At 15-years-old, she could not believe they would never see each other again. Now, at 54, she has learned to accept it but cannot lay the ghosts of the past to rest until justice is done.
“It’s the last thing on your mind at night and the first thing in the morning,” says Helen, whose story is the subject of new play Our Lady of the Goldfinches, by Edge Hill University creative writing lecturer Jane McNulty, and is touring to The Unity next week.
It was the second time Jean McConville had been accosted by the IRA, who believed her to be an informant. The first was the night before, when they had given her a beating so bad that she had decided to take a bath to ease the pain when Helen left the house.
“I went to the shop and when I came back she was gone,” says her daughter.
A few weeks later, a man turned up with Jean’s purse and her engagement, wedding and eternity rings. That was the last trace of the mother-of-10 until her body was accidentally found on Shelling Hill Beach, in County Louth, 31 years later.
“I asked him where he got them and he said ‘I was just told to bring them here’. Had I been a bit older I would have known she was gone but being 15 you lived in hope that some day she would come back,” says Helen, herself a mother-of-five with 11 grandchildren.
“Me and my brother, who was a year older than me, went searching for her when we’d put the younger children to bed at night. We went to Republican clubs and asked questions there but we were always told the same – ‘get home’.”
Jean’s husband, Arthur McConville, had died a year earlier and her family had disowned her when she converted to Catholicism to marry him. With nobody to look after her children, seven of them, including Helen, were taken into care.
“I have very happy memories of my mother but unfortunately the younger ones don’t,” she says.
“They were told she didn’t give two hoots about them and had gone off with a soldier or that she went up the Shanklin Road in Belfast, which is Loyalist, and was living there with a UDA (Ulster Defence Association) man and had another family.
“It would have been impossible because she’d had a hysterectomy but try telling that to the younger ones – they grew up with disbelief that the IRA had anything to do with it and more or less didn’t want to know their mother even if she did come back home.”
Meanwhile, local politicians questionned Jean’s disappearance and were told the IRA had taken her but had released her. According to their account, she was in England and would be permitted to return to Belfast to collect her children.
“I always had the feeling that one day she would come back,” says Helen.
“I thought she’d been beaten and taken the boat to England, that maybe she’d lost her memory and was in some hospital. We did go searching for her but of course there was no trace.”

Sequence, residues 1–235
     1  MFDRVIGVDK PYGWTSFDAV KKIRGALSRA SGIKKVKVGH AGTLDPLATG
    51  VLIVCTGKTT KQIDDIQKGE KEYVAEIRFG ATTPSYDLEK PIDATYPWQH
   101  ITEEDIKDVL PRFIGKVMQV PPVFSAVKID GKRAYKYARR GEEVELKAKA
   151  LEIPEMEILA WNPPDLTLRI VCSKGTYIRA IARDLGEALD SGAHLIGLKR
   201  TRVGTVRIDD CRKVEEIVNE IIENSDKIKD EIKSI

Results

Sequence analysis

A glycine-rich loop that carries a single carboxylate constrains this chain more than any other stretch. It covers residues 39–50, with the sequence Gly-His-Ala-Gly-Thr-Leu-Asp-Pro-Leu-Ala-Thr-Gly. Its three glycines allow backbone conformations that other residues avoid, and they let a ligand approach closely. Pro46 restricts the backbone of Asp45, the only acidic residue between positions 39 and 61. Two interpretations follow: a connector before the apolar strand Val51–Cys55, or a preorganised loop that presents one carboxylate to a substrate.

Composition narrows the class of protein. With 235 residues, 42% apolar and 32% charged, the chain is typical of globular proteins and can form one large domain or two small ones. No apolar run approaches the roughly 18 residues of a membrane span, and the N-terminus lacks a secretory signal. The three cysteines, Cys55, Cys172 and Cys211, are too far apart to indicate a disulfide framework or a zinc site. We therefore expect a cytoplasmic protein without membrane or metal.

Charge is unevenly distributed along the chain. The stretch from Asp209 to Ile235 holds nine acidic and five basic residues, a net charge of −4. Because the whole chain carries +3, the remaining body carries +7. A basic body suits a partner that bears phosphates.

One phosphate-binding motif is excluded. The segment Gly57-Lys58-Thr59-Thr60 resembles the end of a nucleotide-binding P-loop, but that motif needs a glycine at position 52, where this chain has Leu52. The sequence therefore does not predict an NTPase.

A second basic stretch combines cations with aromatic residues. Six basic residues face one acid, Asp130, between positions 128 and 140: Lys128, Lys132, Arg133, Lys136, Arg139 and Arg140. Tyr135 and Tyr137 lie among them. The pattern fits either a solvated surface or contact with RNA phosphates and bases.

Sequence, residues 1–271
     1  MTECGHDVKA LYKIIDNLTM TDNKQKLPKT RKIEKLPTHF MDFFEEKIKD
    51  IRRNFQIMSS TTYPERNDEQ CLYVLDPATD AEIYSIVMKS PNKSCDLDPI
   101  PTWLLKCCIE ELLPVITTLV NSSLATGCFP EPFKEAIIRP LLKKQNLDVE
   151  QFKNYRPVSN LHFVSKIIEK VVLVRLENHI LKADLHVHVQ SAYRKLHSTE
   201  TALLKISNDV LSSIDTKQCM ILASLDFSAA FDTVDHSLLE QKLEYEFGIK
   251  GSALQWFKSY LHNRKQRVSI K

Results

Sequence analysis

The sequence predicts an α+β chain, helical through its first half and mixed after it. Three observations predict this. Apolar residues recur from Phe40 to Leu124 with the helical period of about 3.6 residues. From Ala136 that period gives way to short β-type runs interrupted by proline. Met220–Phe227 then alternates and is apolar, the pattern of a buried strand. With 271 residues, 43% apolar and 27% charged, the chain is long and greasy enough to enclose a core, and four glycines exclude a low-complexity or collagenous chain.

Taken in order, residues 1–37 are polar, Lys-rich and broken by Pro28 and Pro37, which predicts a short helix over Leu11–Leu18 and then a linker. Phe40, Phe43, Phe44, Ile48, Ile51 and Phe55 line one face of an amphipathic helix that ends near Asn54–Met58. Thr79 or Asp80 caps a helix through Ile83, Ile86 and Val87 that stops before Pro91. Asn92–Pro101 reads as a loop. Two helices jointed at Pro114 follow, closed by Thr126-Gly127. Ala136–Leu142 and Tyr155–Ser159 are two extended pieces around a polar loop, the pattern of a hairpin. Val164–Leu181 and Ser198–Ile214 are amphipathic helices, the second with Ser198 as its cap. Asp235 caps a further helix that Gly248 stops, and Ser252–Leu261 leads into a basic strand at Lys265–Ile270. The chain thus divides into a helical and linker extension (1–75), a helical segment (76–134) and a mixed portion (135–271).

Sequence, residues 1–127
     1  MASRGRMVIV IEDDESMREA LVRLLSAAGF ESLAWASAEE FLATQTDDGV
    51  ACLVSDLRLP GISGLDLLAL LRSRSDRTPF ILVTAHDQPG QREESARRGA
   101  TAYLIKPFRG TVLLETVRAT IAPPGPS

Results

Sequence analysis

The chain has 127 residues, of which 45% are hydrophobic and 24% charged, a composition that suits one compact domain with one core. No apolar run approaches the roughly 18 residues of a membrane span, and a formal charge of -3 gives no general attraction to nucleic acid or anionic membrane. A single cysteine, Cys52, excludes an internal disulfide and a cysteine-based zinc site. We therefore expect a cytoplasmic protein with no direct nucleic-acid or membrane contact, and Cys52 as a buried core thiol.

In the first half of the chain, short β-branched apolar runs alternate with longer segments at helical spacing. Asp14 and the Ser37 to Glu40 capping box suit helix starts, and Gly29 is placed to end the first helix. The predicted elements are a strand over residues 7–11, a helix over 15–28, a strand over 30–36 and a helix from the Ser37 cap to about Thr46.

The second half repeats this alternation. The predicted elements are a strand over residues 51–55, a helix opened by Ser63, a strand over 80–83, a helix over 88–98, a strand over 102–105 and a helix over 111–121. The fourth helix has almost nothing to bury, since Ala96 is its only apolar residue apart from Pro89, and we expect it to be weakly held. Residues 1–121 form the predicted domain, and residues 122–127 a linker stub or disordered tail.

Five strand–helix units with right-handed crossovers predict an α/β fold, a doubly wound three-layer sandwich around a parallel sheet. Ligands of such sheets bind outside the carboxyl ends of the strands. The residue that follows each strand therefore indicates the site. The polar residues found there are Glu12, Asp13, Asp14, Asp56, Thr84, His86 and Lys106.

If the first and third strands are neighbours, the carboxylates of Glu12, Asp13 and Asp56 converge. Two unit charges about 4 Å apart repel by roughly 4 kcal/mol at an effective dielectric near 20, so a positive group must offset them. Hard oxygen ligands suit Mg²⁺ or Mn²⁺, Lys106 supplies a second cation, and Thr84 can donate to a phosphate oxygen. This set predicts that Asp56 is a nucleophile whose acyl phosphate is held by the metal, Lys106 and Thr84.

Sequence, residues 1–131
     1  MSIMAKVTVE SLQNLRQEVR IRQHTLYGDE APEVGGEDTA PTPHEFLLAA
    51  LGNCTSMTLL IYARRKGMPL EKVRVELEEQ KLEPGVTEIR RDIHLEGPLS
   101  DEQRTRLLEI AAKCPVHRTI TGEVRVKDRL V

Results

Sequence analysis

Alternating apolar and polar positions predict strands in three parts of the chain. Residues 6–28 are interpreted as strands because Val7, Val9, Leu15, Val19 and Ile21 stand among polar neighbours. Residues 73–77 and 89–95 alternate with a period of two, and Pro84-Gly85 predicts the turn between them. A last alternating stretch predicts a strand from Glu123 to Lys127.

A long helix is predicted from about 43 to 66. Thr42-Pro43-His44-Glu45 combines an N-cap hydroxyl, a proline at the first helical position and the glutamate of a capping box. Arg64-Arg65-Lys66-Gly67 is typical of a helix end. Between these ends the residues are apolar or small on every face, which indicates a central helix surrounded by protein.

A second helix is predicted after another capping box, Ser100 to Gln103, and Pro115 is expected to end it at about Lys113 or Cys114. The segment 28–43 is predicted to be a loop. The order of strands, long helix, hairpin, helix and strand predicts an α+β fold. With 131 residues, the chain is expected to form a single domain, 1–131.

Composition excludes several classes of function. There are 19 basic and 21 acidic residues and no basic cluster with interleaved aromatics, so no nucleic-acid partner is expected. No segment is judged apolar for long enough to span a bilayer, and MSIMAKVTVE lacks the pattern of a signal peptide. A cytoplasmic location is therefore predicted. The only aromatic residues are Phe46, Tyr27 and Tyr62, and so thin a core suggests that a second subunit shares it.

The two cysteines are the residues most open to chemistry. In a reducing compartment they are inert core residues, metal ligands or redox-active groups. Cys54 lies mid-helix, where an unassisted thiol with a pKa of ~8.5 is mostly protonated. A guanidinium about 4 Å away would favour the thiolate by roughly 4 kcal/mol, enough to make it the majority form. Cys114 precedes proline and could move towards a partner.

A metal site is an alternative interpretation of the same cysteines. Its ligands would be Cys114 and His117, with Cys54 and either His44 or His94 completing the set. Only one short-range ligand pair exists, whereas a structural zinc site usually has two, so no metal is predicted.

When the Good Friday Agreement was signed in 1999, the IRA finally admitted Jean had been killed and released details of the whereabouts of her body. A prolonged police search was eventually abandoned when there was no sign of her remains. When her body was eventually found in 2003, the autopsy revealed she had been killed by a single bullet to the back of the head.
Justice for her death is hard to come by, not least because of the emphasis in the Good Friday Agreement on lenience towards those connected to paramilitary groups provided they maintain a complete ceasefire. Republican party Sinn Fein maintains the killing was not a war crime because, it claims, Jean was a Loyalist spy.
Helen finds it absurd that anyone could mistake her mother, who had met her husband at the age of 14, had given birth to 14 babies (four later died) and whose only luxury was the occasional game of bingo, for an informer.
“I want my mother’s name cleared,” she insists, growing angry.
“Even senior members of the IRA had said to me they think they got the wrong person. If she was the first woman to be killed for being such a big IRA spy why didn’t they leave her body in an alleyway or on the border? The only way to hide their mistake was to bury her away where people couldn’t find her.”
Helen is arguing for the release of interviews with former Republicans and Loyalists recorded by Boston College for an oral history project. Made between 2001 and 2006, their participants agreed to take part on condition the tapes would remain unheard until after their deaths. The US Court of Appeal is currently deciding whether the recordings, which include information about Jean McConville, should be released to Northern Ireland’s police force.
“Politicians in this country say we have to put everything behind us and move on but it’s okay for them to say that when they’ve never been through this kind of thing,” says Helen.
“Sometimes I look back and I think ‘how did I raise my own children? How did they get to be where they are today when I wasn’t really on the planet?’
“We’ve got my mother’s body back but we still haven’t got the truth and I’ll fight for that until the day I die.”